I changed water twice in between.
By this time the grains were very soft and starting letting out the milk by itself. Add 1 cup of water and blend to a smooth paste.
Strain it through steel strainer and extract the milk. The first batch is very thick. One other recipe gives a different method to do with three versions of milk that is extracted. But I finally added all three extracts together.
You will have to pulse the wheat couple of more times to get all the milk out of it. I allowed it to ferment for 12 hrs. Guess this can be reduced to max 4 -5 hrs, if you are not able to make the halwa right away, you can refrigerate.
When you are all set to prepare the halwa, make sure you have a thick bottom wok/Kadai. This is very helpful as you will have to keep stirring and a pressure cooker may or maybe be that helpful. Then have the sugar, ghee all ready.
When I checked the wheat milk, it was really foamy, and little water was found on top which I discarded.
Heat the kadai and add sugar along with 1 cup water. Bring it to boil and continue cooking till you get 1 thread consistency. As I have already mentioned, you will know the one thread consistency when you touch the sugar syrup between your thumb and index finger, try moving out. When a thread is formed, it means it's ready. Take care as the syrup will be hot.
Add the milk and keep stirring. It helps to have somebody help, esp. if you got to take pictures. But even otherwise a helping hand is really great.
Take a smaller pan, heat ghee, add the broken cashew nuts and roast them. This can be added at this stage to the simmering halwa, else you can add it finally too for a crispy nut.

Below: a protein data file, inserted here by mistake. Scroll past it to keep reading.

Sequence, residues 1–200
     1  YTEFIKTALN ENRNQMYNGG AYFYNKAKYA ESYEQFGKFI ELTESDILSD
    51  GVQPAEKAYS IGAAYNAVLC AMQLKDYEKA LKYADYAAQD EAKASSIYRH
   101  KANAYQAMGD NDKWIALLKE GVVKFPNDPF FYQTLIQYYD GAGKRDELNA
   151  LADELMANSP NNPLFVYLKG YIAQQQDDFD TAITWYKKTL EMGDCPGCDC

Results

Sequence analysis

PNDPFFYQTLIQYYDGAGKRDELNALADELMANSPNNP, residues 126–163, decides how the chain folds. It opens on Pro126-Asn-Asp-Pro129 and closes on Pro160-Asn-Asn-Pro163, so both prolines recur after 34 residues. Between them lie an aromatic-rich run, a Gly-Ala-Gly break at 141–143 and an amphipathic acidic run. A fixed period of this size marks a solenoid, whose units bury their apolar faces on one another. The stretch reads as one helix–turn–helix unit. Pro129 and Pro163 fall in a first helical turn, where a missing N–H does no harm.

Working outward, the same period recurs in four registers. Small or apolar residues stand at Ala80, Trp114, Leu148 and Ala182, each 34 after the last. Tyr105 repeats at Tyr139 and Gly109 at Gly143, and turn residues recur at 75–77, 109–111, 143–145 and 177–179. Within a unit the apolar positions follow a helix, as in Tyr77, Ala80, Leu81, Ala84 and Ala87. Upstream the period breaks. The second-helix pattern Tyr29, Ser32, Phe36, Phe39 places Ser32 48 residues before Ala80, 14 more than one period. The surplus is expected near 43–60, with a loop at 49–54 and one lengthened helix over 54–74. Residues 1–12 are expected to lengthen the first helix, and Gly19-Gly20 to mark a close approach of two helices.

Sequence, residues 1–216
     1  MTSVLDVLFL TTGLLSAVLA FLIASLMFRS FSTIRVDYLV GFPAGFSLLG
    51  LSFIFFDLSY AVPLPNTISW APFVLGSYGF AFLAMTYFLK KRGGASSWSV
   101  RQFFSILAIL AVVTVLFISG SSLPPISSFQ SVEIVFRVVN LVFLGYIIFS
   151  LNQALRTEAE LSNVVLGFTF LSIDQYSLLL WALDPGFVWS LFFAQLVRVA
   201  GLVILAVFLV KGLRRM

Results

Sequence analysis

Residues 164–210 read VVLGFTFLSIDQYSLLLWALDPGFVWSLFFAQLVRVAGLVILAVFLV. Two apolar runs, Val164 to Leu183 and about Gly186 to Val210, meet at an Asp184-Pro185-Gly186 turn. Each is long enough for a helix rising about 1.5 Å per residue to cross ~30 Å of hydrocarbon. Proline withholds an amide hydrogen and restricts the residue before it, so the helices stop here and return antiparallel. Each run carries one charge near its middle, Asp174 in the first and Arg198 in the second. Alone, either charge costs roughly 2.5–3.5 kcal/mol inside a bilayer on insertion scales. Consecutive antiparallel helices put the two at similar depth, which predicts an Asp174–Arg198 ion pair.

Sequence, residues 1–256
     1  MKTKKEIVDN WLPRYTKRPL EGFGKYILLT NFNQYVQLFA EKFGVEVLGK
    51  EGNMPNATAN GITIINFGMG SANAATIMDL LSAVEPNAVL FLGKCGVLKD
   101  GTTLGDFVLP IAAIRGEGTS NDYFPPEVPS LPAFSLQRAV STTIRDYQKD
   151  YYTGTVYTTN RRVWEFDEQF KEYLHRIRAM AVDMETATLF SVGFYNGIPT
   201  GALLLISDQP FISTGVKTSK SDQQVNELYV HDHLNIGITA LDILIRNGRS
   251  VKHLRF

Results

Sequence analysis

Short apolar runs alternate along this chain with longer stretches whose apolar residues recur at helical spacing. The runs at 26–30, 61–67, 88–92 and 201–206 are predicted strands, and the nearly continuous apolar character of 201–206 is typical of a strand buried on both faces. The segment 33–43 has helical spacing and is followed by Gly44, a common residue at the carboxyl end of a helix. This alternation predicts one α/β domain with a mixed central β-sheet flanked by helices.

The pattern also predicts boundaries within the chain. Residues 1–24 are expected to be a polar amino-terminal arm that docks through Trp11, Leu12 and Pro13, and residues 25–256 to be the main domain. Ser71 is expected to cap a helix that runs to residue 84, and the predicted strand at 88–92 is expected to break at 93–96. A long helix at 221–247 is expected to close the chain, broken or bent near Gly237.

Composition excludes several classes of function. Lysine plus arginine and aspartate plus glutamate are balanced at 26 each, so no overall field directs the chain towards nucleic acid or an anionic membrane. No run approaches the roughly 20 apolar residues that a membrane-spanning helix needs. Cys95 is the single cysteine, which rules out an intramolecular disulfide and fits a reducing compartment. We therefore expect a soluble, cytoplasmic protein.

The wheat milk will really coagulates fast, so you got to keep on stirring. After about 15 mins, you can add 1 cup of hot water, this will aid the cooking process plus makes sure that the milk gets cooked well before it becomes thickens.
After about 30 mins, the halwa will start to leave the sides, at this stage you can add the yellow colour. Keep stirring again. Slowly add the ghee in batches, while you continue stirring. Halwa will really eat up the ghee and you will wonder where it went off.
It took exactly 45 mins to start smelling heavenly. I continued cooking for another 5 mins, just to make sure.
Allow it to rest for 15 mins. Actually the halwa ended up having thicker consistency. If I had spread on a plate, I could have easily got pieces. But somehow I don't like Wheat halwa as pieces, more as a loose one. So microwave before serving.
I started with 3/4 cup of ghee, seeing it wasn't enough I must have added another 4 -5 tsps. So I am not sure how much it finally added up to. But I can say the actual Tirunelveli halwa will be even more glossy, sweeter and yes very heavy on calorie.
Plus I felt I had to increase the sugar, so the next time I make it will update the recipe.
During the entire cooking session, I must have used both the hands for clicking the pictures. It is really hard to keep stirring and also take pictures. So I must thank Athamma for stirring in between, Konda and Pavani for clicking some of the steps.
I know I make it sound extremely hard to do on your own, but the result of that final dish is all worth it, really!
To all my ICC members, please link your Wheat halwa post to Mr. Linky.